Methamphetamine

The effects

What Methamphetamine does to you depends on:

  • How much you take.
  • How pure the drug you take is.
  • Your height and weight.
  • Your general health.
  • Your mood.
  • Your past experience with speed.
  • Whether you use methamphetamine on its own or with other drugs.
  • Whether you use alone or with others at home or at a party, etc.

Effects

The immediate and long-term effects of all types of methamphetamine are the same.  Because ice is a more potent or purer form of methamphetamine all the effects and side-effects will be more likely to happen and be more intense than speed and base.

 

Immediate effects

When you take a small amount of methamphetamine the effects can last from a few hours to a few days.

You may:

  • feel very good and confident
  • feel alert and energetic
  • be excited or agitated
  • talk a lot
  • feel aggressive
  • feel anxious or panicky
  • take more risks than usual.

Effects on your body may include that:

  • your heart beats faster
  • you breathe faster
  • you feel less hungry
  • your blood pressure rises
  • the pupils in your eyes get bigger
  • you move more quickly
  • it is hard to sleep.

If you take a large amount of methamphetamine you might:

  • get headaches
  • feel dizzy
  • feel restless
  • shake
  • have irregular breathing
  • have a very fast or irregular heartbeat
  • become pale
  • feel very powerful or better than others
  • become hostile or aggressive
  • have psychosis — a serious psychological problem where you hear voices, imagine things, fear that others want to hurt you.

Long-term effects

If you use methamphetamine often and for a long time you may:

  • become dependent on the drug
  • often become violent for no reason
  • get sick more often because your body can’t resist disease properly
  • be upset or depressed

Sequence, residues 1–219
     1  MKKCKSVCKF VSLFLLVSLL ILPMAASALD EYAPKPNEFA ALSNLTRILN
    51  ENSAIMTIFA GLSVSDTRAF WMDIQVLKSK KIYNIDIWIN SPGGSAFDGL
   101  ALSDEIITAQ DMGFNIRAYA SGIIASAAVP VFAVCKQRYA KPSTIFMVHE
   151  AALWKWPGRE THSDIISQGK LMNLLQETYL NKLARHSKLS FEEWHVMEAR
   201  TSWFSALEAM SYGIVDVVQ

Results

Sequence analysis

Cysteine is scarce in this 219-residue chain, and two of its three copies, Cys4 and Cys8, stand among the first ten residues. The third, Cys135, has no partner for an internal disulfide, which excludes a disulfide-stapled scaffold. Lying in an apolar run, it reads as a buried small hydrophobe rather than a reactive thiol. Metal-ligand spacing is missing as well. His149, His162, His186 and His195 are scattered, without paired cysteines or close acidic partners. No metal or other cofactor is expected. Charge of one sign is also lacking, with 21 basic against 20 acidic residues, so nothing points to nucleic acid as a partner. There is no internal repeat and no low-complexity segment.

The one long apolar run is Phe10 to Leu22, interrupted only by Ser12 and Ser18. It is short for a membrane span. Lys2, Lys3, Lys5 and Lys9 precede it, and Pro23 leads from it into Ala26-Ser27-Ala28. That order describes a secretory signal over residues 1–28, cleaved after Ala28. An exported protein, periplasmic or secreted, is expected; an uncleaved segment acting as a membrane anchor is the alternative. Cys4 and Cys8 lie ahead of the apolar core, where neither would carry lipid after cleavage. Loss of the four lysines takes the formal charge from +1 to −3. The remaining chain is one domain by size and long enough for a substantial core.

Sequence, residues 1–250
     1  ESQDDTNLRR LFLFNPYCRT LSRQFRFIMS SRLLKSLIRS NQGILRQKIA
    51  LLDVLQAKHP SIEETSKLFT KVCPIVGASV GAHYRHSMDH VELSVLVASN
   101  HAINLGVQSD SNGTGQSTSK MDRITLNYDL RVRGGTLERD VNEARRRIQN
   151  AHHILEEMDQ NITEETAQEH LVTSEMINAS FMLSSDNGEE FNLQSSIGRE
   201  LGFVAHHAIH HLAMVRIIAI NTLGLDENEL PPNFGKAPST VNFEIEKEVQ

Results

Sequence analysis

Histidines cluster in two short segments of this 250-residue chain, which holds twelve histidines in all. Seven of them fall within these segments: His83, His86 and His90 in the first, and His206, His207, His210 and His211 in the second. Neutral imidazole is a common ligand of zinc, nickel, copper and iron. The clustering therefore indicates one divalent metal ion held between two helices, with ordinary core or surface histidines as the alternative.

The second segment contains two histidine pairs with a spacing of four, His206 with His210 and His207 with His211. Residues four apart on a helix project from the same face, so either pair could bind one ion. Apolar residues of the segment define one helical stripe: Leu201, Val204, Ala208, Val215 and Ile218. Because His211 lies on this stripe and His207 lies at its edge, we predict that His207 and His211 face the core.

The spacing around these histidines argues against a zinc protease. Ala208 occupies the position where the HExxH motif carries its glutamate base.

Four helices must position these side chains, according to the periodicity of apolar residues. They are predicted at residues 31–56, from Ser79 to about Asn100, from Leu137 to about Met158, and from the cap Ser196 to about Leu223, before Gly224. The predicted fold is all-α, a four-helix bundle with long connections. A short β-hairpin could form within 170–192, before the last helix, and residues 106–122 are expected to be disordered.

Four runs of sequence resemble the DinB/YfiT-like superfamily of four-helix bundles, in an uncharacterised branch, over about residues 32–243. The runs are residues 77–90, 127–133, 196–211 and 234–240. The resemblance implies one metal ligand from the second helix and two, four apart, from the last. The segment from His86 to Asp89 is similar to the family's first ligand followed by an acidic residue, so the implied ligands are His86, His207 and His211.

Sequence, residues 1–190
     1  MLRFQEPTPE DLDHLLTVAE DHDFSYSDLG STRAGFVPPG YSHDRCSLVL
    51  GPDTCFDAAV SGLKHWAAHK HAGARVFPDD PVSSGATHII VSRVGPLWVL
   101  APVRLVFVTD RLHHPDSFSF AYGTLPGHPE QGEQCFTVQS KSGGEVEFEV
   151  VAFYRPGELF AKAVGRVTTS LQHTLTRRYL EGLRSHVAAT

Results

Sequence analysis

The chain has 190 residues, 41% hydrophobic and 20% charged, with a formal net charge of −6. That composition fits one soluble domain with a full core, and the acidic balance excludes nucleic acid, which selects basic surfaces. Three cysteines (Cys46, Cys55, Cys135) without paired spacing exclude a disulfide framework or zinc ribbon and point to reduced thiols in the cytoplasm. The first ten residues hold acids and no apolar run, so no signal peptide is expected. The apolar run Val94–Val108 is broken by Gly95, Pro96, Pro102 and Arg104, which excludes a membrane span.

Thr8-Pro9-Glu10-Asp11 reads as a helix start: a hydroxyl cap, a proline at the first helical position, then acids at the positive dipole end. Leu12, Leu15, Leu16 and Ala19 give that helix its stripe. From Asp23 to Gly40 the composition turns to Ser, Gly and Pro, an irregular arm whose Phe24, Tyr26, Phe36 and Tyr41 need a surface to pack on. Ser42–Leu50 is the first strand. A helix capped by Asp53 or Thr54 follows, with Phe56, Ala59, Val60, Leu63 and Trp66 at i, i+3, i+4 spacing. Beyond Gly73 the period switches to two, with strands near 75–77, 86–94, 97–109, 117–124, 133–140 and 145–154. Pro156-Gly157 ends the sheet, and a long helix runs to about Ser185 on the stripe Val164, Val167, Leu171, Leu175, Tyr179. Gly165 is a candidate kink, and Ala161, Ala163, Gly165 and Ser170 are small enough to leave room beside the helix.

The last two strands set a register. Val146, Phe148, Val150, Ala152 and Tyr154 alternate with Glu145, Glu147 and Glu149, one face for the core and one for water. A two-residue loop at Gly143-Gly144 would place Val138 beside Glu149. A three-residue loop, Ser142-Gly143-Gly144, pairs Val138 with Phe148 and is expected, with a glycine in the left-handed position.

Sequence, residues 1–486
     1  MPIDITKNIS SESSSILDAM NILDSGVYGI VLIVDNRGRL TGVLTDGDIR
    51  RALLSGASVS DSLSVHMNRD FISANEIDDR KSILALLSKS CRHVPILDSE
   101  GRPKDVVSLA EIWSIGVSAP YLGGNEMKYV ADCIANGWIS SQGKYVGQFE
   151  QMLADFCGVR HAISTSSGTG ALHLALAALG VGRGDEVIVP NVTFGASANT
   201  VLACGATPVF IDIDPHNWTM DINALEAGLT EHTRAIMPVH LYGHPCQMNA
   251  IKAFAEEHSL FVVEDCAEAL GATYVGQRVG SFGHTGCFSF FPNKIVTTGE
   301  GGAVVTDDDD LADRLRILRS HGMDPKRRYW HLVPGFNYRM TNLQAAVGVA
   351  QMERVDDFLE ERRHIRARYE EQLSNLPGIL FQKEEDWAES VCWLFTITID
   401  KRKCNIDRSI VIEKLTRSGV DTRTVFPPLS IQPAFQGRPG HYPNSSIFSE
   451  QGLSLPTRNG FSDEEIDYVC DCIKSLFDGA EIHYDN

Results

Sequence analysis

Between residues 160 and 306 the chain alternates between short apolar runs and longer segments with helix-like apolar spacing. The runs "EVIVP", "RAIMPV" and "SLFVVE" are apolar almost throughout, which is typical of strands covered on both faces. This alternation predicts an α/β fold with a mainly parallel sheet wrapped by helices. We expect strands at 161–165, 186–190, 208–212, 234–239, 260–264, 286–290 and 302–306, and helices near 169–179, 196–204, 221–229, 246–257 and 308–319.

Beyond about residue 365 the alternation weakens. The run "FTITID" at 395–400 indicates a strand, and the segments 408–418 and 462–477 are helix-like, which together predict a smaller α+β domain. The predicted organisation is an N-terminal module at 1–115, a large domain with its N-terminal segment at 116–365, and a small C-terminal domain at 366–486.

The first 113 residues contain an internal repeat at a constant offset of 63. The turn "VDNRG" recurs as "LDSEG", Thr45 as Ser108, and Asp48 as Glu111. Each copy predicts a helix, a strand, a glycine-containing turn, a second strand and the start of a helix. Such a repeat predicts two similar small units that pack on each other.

• have periods of psychosis
  • have relationship, work, money, legal or housing problems.

The way a person takes methamphetamine over a long time can also cause problems such as:

  • Snorting the drug can lead to nosebleeds, sinus problems and damage inside the nose.
  • Injecting the drug with used or dirty needles or other equipment makes you more likely to get infected with hepatitis C, hepatitis B and/ or HIV, get blood poisoning (septicaemia) and skin abscesses (sores with pus).
  • Injecting the drug over a long time can result in blocked blood vessels leading to serious damage to the body’s organs such as the liver, heart, kidneys. – inflamed blood vessels and abscesses.
  • Injecting and snorting amphetamine type substances  also increases the risk of becoming dependent on the drug and of getting other health problems.

It is important to remember that being intoxicated on any drug or drugs can affect your decision making and can decrease the ability to consent to sex. This can lead to risky sexual behavior such as unprotected sex which may result in you contracting a sexually transmitted diseases such as HIV, Hepatitis or Chlamydia. You could also be exposed to the increased risk of sexual assault. Such behavior can have a devastating affect on your future.

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